Dear Don, I recently read your articles about hiring better interpretive guides and really enjoyed them. I work for a museum that is currently in the process of trying to do just that, hire better guides. The biggest problem that we have incountered is getting the right people for the job to learn/hear about us. Up until this point most of our guides don’t come from an interpretive background and end up only lasting for a few short months before we have to find someone else to do the job.
We were once a small museum that relayed solely on volunteers, but within the last 10 years we have grown exponentially and are trying to improve our tours and programs. I want to start hiring some top notch guides who are not going to bail out on me after three months. But it has been and still is a major process to get my boss and other coworkers to realize that we need to stop hiring people who come and go and start hiring people who are interested in staying. People who are going to add something to the company and give the customers an enjoyable experience that makes them want to come back again. I would love any advice and or suggestions that you can give me in regards to this situation. Thanks! -S
I’m thinking that the fact that you’ve got a three-month turnover is a bit of a red flag. Are you communicating the job well in your recruitment process? Do your candidates know what they’re getting themselves into? Your posters and ads (and phone calls) should describe accurately the nature of the work, its challenges (shift work etc) and its benefits (creativity, flexibility).
Recruitment for interpretive positions shouldn’t be a huge challenge unless you’re in a region with a very small talent pool. Even then, the job of front-line interpreter calls for skills that can be found in many different backgrounds. For student-level positions, start by placing posters in the appropriate departments of your local colleges (zoology, theatre, history, geography, and so on.) There are good job boards online, and good professional networks for interpreters. Social media is an excellent disseminator of job opportunities.
Is your rate of pay drastically lower than your competition’s? (And from a human resources perspective, your competition for talent may not be in the interpretive field.) When are you communicating your rate of pay? You should be doing so either in the job poster or in your first phone call to set up the interview. (“I’d like to bring you in for an interview. You should know that our rate of pay is XX but we offer many tangible and non-tangible benefits that we think you will find attractive.”) And if you pay badly, can you compensate with things like flexible schedules, good professional development, a relaxed and creative working environment? I have stayed at low-paying jobs for longer than I probably should have, because they were such good places to work.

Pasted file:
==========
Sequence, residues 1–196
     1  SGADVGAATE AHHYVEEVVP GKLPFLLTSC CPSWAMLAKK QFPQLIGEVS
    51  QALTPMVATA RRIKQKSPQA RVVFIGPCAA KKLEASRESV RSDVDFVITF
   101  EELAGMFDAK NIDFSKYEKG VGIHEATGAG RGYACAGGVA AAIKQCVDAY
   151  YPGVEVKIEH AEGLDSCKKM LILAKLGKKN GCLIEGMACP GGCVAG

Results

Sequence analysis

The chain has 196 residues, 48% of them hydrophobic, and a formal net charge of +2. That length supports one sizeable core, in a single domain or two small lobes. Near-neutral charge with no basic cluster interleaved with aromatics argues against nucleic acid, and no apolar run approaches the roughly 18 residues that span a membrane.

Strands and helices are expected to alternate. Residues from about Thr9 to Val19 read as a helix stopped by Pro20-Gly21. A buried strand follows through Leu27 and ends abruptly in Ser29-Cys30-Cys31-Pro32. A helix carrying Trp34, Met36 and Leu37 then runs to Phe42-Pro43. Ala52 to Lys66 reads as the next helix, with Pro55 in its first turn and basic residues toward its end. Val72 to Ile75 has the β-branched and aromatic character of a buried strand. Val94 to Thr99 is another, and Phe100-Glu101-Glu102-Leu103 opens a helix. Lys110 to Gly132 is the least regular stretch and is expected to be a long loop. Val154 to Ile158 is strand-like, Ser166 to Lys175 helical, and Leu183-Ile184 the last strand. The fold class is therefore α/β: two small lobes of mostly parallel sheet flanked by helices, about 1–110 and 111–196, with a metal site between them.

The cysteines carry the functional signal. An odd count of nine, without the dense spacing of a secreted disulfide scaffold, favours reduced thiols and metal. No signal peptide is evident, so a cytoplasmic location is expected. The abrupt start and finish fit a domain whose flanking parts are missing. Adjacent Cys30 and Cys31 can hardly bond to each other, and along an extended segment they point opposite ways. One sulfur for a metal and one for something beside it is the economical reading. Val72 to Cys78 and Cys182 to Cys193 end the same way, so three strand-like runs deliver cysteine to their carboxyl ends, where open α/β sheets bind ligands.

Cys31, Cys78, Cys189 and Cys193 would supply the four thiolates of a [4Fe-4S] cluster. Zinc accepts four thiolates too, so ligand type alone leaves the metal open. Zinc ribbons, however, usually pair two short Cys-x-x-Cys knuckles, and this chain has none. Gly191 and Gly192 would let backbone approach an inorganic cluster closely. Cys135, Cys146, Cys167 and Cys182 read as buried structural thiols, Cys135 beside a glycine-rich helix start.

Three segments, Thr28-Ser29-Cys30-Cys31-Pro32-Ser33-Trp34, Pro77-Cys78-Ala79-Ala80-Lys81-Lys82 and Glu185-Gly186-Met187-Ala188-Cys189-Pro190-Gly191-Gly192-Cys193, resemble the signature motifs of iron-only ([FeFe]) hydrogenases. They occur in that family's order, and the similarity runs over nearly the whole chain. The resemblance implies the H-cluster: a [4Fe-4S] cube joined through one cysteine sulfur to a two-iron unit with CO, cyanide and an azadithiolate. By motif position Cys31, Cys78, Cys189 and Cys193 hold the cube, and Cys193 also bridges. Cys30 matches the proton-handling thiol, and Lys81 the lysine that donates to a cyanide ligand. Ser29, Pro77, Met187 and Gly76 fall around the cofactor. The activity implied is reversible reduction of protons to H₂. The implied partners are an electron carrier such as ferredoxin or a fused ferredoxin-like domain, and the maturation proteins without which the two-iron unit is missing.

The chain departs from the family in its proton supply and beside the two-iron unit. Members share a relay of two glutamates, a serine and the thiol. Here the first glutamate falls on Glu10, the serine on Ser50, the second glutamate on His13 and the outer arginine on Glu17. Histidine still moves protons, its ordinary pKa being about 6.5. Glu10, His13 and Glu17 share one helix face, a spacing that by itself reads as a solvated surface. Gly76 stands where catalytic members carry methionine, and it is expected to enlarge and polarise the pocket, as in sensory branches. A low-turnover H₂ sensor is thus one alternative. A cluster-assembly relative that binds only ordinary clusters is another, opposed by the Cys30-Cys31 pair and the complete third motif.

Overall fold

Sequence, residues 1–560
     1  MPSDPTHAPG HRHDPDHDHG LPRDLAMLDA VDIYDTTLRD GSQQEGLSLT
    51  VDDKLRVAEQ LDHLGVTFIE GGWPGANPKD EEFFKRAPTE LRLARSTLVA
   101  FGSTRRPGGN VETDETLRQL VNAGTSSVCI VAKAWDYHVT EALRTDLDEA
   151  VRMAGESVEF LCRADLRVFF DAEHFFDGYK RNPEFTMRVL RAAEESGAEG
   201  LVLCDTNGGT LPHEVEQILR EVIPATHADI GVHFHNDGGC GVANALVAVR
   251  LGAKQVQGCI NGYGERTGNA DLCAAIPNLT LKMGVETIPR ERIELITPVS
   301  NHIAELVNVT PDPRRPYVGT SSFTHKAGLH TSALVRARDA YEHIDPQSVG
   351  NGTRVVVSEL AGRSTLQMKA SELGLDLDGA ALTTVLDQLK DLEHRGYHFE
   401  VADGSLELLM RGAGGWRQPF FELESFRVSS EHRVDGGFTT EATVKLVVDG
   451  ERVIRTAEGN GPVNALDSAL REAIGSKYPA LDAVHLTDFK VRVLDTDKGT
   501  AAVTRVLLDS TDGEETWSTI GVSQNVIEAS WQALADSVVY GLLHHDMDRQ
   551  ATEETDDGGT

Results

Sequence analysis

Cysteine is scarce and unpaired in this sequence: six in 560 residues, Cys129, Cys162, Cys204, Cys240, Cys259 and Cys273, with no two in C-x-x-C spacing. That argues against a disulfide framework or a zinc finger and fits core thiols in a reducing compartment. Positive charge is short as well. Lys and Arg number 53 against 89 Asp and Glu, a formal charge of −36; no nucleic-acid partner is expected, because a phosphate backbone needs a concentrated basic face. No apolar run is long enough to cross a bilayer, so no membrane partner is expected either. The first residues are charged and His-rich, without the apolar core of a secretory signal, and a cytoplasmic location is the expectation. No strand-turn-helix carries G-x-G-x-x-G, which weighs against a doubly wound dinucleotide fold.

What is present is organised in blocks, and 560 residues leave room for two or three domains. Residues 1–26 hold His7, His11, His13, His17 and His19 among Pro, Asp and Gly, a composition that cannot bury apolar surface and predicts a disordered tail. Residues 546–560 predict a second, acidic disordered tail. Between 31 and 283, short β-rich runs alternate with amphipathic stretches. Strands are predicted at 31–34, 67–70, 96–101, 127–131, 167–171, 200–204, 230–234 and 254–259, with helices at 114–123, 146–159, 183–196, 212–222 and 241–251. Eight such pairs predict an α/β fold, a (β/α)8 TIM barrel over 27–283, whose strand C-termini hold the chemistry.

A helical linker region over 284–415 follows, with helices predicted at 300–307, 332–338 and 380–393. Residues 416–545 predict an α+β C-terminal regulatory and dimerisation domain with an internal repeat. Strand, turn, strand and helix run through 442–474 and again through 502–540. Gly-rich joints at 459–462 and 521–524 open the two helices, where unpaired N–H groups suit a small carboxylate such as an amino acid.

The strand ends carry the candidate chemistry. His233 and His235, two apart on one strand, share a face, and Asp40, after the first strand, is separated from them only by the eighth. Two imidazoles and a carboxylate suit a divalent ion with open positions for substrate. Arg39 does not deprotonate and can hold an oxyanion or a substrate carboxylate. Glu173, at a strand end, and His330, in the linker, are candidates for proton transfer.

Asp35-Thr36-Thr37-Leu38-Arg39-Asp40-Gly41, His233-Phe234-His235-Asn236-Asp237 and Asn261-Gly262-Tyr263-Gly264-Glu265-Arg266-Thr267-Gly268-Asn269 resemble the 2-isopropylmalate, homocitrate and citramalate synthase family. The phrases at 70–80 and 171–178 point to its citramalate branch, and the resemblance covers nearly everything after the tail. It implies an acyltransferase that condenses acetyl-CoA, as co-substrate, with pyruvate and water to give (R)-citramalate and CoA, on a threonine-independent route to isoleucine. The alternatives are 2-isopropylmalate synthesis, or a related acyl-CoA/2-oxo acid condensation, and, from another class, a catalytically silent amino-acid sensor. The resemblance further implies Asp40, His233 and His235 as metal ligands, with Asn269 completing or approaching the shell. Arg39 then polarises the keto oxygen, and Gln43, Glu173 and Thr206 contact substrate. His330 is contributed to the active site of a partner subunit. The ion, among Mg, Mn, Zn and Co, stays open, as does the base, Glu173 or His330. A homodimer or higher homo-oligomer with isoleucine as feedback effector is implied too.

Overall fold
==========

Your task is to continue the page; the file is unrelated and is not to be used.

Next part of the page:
I’m not convinced that your problems will be solved by hiring people with interpretive backgrounds. Some of the best interpreters I’ve ever worked with came from non-interpretive backgrounds; some of the best career interpreters started out as people looking for a summer job with no experience in the field whatsoever. But these people require support and a good deal of investment in their first months, and I’m wondering if that’s where you’re losing your new staff.
Have you conducted exit interviews with those leaving? Exit interviews will only teach you so much—people are reluctant to be honest with you when they haven’t received their final paycheque—but they’re much better than nothing. If you haven’t asked your departing interpreters why they’re leaving, maybe it’s time for a little soul-searching as to why you haven’t done so. Are there things your employer would rather not hear?
Interpretive jobs can have high turnover for a variety of reasons. When we hire people who are young in their careers, they sometimes stay with us only long enough to get enough experience to move to their next stepping stone. But that’s the kind of turnover that happens at the two-year mark, not the three month mark. People leave after three months when they feel that a) the job wasn’t what they were expecting; or b) they’re not getting the support they need to get up to speed or c) there’s a conflict with a colleague or a direct supervisor that they feel would be best solved by bailing out.
The remedies are a) communicate the job when you recruit, and select for the knowledge, abilities and personalities that you require; b) reinvest in your training, mentoring and orientation programs and c) take a good hard look at what’s happening in your staff dynamics.
Readers, if you have any other suggestions, please add them in the comments section.